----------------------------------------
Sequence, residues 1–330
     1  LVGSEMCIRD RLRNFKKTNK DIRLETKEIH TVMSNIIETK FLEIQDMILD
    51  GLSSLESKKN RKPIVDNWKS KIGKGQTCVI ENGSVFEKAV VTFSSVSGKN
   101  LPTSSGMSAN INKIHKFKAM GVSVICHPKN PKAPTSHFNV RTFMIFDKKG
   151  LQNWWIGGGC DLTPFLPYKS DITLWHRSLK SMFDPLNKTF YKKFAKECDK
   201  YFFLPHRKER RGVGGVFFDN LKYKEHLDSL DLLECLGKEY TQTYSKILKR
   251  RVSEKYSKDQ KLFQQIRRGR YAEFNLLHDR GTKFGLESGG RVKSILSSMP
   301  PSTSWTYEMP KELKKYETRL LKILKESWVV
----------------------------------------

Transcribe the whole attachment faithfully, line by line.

Sequence, residues 1–330
     1  LVGSEMCIRD RLRNFKKTNK DIRLETKEIH TVMSNIIETK FLEIQDMILD
    51  GLSSLESKKN RKPIVDNWKS KIGKGQTCVI ENGSVFEKAV VTFSSVSGKN
   101  LPTSSGMSAN INKIHKFKAM GVSVICHPKN PKAPTSHFNV RTFMIFDKKG
   151  LQNWWIGGGC DLTPFLPYKS DITLWHRSLK SMFDPLNKTF YKKFAKECDK
   201  YFFLPHRKER RGVGGVFFDN LKYKEHLDSL DLLECLGKEY TQTYSKILKR
   251  RVSEKYSKDQ KLFQQIRRGR YAEFNLLHDR GTKFGLESGG RVKSILSSMP
   301  PSTSWTYEMP KELKKYETRL LKILKESWVV